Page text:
When taking close up and macro photos of insects the working distance, i.e. the distance between the lens and the subject, is reduced which restricts the light and reduces it. Because of the reduction in light a flash is required to provide a burst of extra light to get the correct exposure. Many photographers like to use natural light only, and I do as well, but insect photography is one of those times when you will struggle using just natural light.
Some cameras have a built in pop up flash but these are not sufficient for insect photography. The inbuilt flash is plenty powerful enough to illuminate insects (you’re going to be very close to them when taking photos of them) but you can’t control the direction of the light or easily modify and soften the light. An external flash or speed light is, therefore, essential for insect photography.
Whilst a speed light is ideal for general flash photography it is not suitable for insect photography. Speed lights are too powerful, even when the power is dialled right down to its minimum, and you will find the colour washed out in your insect photos.
The other problem with using speed lights is that when left in the camera’s hot shoe they struggle to illuminate the shadow the lens casts over the frame, and if the insect happens to be in this shadow you’re not going to see it. You can take speed lights off camera (and use radio triggers or an off camera flash cord) to overcome this problem but this is far from ideal. Whilst you sort out the shadow problem the power issue is still there and unless you have an assistant to hold the flash a good distance from the subject there is little you can do about it. Do you have access to an assistant to do this? I know I don’t.
The best flash for insect photography is the ring flash. Note I said “ring flash” and not ring light. Whilst it is tempting to buy and use the cheaper ring light I would advise against it. Ring lights are either off or on, and approaching insects shining a ring of lights in their ace is likely to spook them and make them scarper before you get the chance to take the shot. I have tried using a cheap ring light in the past and I have to say my hit rate was terrible. If you’re shooting captive insects in the studio ring lights are fine. If you are shooting insects out in the wild you will struggle with a ring light. The ring flash is a strobe light, which means it only fires when the shutter button is pressed. This reduces the chances of spooking the insect and also increases the hit rate.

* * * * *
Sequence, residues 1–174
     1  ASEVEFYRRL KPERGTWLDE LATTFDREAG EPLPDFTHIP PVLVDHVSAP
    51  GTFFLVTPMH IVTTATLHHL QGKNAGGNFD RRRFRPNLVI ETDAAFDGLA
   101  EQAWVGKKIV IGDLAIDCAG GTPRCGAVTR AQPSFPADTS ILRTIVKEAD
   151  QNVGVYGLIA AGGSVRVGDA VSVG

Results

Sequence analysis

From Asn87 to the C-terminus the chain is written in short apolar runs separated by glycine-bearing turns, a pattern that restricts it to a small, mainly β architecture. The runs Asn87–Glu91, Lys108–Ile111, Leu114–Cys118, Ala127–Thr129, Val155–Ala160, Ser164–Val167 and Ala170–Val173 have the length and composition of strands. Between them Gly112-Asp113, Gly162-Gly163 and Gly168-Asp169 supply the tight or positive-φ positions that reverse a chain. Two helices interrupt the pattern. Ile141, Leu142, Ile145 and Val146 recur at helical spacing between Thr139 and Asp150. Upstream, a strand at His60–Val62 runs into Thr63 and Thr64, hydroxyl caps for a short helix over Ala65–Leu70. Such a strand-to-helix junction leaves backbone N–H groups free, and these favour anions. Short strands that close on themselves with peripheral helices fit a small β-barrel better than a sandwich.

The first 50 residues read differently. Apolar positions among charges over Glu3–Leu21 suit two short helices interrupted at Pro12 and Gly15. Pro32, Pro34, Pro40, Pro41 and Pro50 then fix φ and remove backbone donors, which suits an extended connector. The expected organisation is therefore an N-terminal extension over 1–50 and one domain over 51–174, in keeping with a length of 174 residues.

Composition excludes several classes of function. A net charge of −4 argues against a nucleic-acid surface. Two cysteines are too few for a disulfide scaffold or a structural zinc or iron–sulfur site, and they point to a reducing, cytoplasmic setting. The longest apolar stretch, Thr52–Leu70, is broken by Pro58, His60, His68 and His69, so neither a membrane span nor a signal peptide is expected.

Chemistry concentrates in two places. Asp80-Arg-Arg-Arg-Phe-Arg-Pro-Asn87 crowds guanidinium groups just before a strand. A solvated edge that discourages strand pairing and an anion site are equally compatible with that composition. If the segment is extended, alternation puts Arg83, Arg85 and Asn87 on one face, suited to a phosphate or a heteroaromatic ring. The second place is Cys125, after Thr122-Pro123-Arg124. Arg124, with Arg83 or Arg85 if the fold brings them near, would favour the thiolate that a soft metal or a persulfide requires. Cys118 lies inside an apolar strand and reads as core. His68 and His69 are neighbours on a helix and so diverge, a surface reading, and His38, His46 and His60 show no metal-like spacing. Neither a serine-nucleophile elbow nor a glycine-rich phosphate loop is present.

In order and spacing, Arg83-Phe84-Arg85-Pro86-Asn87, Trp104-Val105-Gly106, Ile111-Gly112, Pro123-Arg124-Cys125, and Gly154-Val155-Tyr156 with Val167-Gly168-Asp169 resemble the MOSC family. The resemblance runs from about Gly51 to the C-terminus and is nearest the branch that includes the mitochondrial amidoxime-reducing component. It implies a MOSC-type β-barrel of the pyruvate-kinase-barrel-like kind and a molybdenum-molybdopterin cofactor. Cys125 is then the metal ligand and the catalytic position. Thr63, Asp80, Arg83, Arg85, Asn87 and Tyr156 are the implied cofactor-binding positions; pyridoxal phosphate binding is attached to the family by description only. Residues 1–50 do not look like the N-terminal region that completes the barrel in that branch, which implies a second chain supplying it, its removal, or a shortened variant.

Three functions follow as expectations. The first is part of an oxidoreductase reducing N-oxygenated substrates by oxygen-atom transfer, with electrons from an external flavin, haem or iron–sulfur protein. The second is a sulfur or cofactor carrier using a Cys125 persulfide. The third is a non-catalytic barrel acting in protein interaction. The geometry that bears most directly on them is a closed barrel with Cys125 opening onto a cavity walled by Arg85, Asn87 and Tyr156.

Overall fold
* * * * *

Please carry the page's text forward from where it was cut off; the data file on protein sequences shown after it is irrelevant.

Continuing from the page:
The ring flash is low powered (most have a guide number of 14) which makes exposing much easier and washing out the colours a thing of the past. You also have total control over the power of the ring flash and can have it at full power or rein it right in when up real close and personal to the subject.
The ring flash is screwed in to the filter thread at the end of the lens, which eliminates the lens creating a shadow in the frame.
THE RING FLASH I USE FOR INSECT PHOTOGRAPHY
"The excellent, and affordable Yongnuo YN14 ring flash"
The ring flash I use for my insect photography is the Yongnuo YN14, which based on the popular (and very expensive Canon MR14EX). The build quality of the Yongnuo ring flash is very good, although it isn’t up to the same standard as the Canon MR14EX. That said, I have had my Yongnuo ring flash for several years now and it still works as good today as it did the day I first opened the box.
The Yongnuo YN14 ring flash not only has manual mode but also TTL mode as well. TTL flash is essential when the flash to subject distance keeps changing and also when the subject won’t wait for you to set the flash power manually, both of which are frequent when taking photos of insects. When it comes to insect photography manual flash is a faff and is not something I would recommend.
There are two tubes in the Yongnuo ring flash that are independent of each other, and since you can set each light at a different power you can get creative and have different lighting ratios for different lighting effects.
Compared to the Canon MR14EX and the Sigma ring flash the Yongnuo ring flash is cheap, and I am stunned how Yongnuo can sell them so cheap. Is this company actually making money on the sale of these? Whatever, if you want a ring flash that is well built, full of features, does everything a ring flash is supposed to do and is also affordable the Yongnuo YN14 is something you should take a look at. I am very happy with mine and it is the best value for money.
Buy the Yongnuo YN14EX ring flash from Amazon.com (US citizens) or buy from Amazon.co.uk (UK citizens)
Keen photographer addicted to cameras, lenses and everything photography related. Feel free to follow me in my photography ramblings, and if you have any thoughts, comments, queries or anything else to add I would love to hear from you.
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